One of the political concerns in the scenario of Indian conservation is whether protected areas should be inviolate and managed by the state or local communities, including management as well as access to resources within these areas (Saberwal, 2000). In the report, “Conservation as Politics: Wildlife Conservation and Resource Management in India”, Saberwal raises a question if the state can enforce unpopular policies that exclude local communities from conservation areas. This was done in the Yellowstone National Park in United States in 1872, when Crow and Shoshone native Americans supposedly left the park after intense persuasion or were driven out by the army, which then managed the park until 1916 (Ghimire & Pimbert, 1997). It is still currently carried out in India and elsewhere, where local tribes are removed from nature reserves for various reasons. One reason being that they invaded the reserved parks after the area was considered protected under law, as is happening in Sanjay Gandhi National Park and at Tadoba Tiger Reserve (read it here), other being building of a dam over a river within the protected area. Saberwal (2000) has put forth an interesting reason why disallowing local (tribal) people can be of ill to conservation. He writes, “While posting of guards may ensure the absence of villagers from the more high profile sections of National Parks, there is little the state can do against anonymous crimes, such as setting of forest fires or use of poison to kill lions, tigers and other carnivores. Such actions are, in part, an expression of alienating villager’s feel from conservation programs that deny them access to basic necessities. This animosity may translate into heightened support for poaching.”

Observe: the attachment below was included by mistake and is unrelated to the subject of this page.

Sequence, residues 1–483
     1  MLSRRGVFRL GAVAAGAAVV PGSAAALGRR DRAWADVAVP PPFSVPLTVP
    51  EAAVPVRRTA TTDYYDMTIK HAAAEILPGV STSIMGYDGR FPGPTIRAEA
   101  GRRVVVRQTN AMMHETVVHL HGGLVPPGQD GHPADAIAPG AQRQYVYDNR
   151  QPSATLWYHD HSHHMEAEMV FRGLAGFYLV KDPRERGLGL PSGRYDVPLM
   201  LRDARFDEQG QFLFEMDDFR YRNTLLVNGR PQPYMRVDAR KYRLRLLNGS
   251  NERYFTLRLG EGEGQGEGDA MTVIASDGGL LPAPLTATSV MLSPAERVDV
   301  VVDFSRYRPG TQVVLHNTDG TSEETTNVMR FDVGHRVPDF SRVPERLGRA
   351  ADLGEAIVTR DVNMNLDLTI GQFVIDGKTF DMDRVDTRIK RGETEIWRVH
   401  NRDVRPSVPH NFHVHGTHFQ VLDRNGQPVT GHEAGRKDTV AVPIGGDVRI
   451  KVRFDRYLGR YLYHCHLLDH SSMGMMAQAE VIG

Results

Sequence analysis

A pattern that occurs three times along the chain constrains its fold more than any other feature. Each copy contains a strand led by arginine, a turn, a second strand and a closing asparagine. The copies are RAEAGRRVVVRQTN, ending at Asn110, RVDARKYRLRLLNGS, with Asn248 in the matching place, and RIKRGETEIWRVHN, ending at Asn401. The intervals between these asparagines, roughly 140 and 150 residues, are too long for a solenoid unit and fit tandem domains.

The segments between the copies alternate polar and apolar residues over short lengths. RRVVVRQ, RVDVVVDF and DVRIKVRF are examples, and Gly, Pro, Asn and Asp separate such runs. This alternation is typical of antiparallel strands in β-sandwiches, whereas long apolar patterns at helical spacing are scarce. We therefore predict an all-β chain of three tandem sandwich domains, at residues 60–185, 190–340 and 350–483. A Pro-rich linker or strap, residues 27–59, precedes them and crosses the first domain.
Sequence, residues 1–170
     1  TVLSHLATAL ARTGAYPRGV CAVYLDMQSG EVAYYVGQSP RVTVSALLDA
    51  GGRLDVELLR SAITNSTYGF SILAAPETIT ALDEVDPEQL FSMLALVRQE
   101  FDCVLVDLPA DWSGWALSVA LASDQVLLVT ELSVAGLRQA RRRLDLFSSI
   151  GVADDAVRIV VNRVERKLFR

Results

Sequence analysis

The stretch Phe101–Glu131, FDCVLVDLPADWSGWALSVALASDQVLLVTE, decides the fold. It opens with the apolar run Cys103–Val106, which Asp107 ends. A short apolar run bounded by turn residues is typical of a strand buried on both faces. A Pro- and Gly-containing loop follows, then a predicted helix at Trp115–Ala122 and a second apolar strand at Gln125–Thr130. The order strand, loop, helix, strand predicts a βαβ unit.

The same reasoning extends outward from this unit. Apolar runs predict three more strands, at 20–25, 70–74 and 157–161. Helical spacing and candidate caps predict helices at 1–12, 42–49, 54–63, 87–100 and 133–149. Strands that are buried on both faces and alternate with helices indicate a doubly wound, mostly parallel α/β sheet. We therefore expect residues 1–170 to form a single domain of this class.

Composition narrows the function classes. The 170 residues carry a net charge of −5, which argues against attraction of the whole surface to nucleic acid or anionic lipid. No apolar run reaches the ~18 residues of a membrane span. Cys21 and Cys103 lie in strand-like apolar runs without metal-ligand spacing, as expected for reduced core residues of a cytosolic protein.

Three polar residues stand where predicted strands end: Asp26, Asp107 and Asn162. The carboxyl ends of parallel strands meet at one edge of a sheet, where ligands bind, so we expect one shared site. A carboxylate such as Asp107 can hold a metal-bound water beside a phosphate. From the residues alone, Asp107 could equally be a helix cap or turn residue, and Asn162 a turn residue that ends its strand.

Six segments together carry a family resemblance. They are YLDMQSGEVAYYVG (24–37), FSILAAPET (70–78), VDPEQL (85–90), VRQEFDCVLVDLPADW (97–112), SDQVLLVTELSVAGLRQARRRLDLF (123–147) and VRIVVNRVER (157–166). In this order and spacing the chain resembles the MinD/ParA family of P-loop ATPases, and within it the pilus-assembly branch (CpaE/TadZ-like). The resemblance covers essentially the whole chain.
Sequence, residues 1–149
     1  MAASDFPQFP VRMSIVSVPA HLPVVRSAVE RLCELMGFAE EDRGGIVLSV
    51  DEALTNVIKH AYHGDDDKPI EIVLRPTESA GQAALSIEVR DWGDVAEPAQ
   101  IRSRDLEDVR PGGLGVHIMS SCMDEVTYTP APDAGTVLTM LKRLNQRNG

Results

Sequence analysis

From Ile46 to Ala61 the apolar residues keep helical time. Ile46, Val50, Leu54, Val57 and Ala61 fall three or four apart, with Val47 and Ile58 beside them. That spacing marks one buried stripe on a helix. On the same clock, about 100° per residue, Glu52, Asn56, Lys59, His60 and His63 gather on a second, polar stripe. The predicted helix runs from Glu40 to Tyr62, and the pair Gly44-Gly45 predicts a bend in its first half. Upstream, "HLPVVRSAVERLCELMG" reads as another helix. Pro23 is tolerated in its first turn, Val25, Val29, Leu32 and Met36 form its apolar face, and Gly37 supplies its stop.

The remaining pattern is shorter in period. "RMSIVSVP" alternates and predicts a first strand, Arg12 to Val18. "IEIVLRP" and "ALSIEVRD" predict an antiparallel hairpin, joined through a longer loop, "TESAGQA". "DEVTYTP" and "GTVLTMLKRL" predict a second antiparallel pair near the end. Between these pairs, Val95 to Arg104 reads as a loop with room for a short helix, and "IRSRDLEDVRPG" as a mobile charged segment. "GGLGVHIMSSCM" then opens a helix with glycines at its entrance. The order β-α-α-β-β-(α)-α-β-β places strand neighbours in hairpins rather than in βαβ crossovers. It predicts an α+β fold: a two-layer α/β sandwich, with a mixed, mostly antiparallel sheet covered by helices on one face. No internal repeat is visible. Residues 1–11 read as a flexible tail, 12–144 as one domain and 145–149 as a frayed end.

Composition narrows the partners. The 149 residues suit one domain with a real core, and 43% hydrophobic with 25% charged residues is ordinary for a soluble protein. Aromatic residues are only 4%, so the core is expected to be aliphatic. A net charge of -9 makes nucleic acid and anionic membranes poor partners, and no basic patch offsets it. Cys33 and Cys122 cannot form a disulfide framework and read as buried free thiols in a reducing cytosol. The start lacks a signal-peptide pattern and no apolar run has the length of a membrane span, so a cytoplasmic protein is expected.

In today’s vulnerable times, a little risk of poaching can send an entire ecosystem in an imbalance. Thus the issue of conflict between government and local communities is sensitive, and if ignored, can lead to dire consequences. Another, rather different but human-related impact on protected parks, is regarding tourism. After the recent “no tourism in core area” news in India made nature enthusiasts angry and sad, it sparked some interesting debate. Some people were against the idea, since according to them, more tourism directly related to more income to the park, thus more conservation measures, it also means less poaching, since the tourism activity is supposed to keep poachers at bay. Less tourism means less income and more poaching possibilities. But how much is “more” and how much is “less”? This is the question that needs to be asked, since more vehicles entering a park and surrounding a family of tigers is risky. It also means that the Forest Department is not keeping up with the regulations in the park, which may lead to animal deaths due to rash driving (read about the unfortunate accident of a tigress in India). It might seem perplexing, as Saberwal (2000) has rightly put, “what on surface appears to be a simple issue of protecting wild animals and plants from forces beyond their control, on closer inspection quickly dissolves into a complex tangle of conflicting issues: human rights versus the protection of animals and forests, exclusion of all humans from protected areas versus increased local participation in protected area management.”